Approaching a limit

  • Thread starter bacon
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Main Question or Discussion Point

When approaching a limit, say, x approaching 1, does x actually reach 1 or is it just infinitesimally close? In particular I'm interested in where the denominator of a function of interest contains the factor (x-1).

(It's hard to show a nice example without the Latex.)
 

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  • #2
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Yes, you get as close as you can get.
 
  • #3
HallsofIvy
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The definition of "limit" is "[itex]lim_{x\rightarrow a}= L[/itex] if and only if given any [itex]\epsilon> 0[/itex] there exist [itex]\delta> 0[/itex] such that if [itex]0< |x- a|< \delta[/itex] then [itex]|f(x)- f(a)|< \epsilon[/itex]. Notice the "0< |x-a|". What happens at x= a is irrelevant.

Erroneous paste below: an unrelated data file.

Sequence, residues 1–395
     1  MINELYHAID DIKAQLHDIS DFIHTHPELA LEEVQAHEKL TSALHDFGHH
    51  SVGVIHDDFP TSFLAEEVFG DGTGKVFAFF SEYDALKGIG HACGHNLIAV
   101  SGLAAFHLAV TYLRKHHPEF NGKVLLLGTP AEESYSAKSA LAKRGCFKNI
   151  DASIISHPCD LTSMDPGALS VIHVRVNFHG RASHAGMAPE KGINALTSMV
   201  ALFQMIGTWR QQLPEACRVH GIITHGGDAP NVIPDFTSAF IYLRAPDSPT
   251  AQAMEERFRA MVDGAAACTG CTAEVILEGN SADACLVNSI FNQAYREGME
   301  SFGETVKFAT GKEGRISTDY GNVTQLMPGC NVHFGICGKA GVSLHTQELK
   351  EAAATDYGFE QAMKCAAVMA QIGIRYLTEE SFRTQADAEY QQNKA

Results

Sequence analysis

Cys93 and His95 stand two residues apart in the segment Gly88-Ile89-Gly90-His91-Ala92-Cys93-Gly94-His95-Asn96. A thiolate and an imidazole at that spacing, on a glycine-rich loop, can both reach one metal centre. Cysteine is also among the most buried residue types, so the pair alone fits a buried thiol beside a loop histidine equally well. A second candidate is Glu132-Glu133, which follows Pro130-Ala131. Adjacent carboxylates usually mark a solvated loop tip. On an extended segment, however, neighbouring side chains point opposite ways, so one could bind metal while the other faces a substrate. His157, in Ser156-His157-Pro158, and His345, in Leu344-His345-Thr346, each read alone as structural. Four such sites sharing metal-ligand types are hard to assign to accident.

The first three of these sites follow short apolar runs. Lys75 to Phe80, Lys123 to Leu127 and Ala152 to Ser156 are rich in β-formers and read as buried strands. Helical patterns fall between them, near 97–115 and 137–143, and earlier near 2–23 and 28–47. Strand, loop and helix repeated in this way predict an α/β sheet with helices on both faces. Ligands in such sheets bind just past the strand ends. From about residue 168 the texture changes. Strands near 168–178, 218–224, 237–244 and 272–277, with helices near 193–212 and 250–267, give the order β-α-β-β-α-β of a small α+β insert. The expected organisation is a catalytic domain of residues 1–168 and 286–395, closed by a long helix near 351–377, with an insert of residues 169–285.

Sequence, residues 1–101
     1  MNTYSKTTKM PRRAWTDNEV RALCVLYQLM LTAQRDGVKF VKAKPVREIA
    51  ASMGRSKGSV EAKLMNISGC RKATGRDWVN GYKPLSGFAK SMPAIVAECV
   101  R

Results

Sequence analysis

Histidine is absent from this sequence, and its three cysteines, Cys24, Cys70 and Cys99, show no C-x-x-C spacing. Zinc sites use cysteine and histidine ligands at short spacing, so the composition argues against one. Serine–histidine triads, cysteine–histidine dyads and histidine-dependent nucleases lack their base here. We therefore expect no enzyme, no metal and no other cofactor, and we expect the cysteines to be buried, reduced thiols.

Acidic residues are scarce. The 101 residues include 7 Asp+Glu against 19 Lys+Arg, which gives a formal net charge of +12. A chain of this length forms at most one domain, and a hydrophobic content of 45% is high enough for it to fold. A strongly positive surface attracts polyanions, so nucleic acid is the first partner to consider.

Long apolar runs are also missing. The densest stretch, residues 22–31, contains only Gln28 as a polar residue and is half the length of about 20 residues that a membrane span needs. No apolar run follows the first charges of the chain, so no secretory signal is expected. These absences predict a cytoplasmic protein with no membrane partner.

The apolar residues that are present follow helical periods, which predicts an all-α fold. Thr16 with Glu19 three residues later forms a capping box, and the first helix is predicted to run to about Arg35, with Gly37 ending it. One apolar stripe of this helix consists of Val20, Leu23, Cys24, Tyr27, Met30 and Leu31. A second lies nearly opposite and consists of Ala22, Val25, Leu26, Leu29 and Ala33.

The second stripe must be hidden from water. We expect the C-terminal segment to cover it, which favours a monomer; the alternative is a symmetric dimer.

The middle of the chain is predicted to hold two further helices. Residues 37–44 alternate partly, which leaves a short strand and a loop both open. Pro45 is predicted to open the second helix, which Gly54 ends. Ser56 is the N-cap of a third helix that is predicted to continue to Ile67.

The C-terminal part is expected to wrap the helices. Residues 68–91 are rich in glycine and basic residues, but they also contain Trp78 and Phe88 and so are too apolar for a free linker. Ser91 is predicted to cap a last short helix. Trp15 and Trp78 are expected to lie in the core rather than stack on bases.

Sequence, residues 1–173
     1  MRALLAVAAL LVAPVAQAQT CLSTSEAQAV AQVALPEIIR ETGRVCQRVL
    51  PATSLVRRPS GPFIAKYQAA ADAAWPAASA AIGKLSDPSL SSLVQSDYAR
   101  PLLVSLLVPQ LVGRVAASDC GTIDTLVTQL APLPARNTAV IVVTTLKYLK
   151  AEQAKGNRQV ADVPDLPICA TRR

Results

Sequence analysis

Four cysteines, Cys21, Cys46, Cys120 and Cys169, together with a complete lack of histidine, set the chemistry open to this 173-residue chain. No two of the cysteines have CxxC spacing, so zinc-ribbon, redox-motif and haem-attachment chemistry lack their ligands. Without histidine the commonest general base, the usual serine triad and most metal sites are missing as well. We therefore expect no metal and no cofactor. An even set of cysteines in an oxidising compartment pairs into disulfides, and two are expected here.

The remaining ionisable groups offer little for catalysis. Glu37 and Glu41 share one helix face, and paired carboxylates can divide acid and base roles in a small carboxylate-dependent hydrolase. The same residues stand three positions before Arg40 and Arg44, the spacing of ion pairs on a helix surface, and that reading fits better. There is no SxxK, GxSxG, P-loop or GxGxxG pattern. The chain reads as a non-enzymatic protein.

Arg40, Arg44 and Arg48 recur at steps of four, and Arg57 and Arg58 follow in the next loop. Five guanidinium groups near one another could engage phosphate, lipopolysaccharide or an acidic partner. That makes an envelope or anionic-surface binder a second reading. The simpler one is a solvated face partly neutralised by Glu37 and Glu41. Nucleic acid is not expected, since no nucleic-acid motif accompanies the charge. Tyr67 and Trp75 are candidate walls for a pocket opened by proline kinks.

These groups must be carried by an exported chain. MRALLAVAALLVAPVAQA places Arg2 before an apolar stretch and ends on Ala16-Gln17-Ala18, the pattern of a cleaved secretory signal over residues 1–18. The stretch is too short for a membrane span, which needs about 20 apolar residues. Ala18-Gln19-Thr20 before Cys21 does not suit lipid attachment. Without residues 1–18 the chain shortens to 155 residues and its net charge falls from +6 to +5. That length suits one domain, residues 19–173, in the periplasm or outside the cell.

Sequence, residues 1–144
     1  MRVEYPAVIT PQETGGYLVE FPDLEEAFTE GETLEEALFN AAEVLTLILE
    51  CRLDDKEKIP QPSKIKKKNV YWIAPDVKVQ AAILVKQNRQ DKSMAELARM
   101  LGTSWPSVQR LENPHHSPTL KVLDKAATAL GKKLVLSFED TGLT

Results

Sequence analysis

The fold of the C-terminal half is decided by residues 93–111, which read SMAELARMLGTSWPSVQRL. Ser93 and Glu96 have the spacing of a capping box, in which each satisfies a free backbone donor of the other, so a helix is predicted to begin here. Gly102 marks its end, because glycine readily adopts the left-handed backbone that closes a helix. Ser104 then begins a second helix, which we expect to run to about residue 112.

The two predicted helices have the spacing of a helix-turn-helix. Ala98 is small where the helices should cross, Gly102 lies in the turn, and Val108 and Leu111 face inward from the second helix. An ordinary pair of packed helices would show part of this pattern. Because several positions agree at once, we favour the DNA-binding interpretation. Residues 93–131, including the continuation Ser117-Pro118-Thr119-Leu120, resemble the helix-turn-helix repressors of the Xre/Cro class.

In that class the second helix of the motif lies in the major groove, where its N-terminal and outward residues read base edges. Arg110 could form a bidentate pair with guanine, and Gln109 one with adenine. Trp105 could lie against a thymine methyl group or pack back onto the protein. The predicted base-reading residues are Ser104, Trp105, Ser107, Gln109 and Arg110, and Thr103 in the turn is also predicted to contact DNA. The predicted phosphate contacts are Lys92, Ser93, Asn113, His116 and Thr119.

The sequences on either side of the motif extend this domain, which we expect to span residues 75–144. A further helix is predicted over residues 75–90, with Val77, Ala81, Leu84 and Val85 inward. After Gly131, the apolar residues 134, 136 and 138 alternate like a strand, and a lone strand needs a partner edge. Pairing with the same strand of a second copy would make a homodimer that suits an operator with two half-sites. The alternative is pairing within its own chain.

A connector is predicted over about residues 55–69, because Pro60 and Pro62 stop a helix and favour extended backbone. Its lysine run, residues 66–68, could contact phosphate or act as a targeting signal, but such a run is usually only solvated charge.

For example, if f(x)= x2+ 3 for all x except 1 and f(1)= 100000, then [itex]lim_{x\rightarrow 1} f(x)[itex] is still 3+ 1= 4: for any value of x close to 1 but not equal to 1, f(x) is close to 4.

Since you mention "In particular I'm interested in where the denominator of a function of interest contains the factor (x-1)", take [itex]f(x)= (x^2- 1)/(x-1). To find [itex]lim_{x\rightarrow 1}f(x)[/itex] note that [itex]x^2- 1= (x-1)(x+ 1)[/itex] so that [itex](x^2-1)/(x-1)= x+1[/itex] for all x except x= 1. Since the limit as x goes to 1 does not depend on the value at x= 1, the limit of [itex](x^2+ 1)/(x-1)[/itex] is the same as the limit of x+ 1 which, it is easy to see, is 1+ 1= 2.
 

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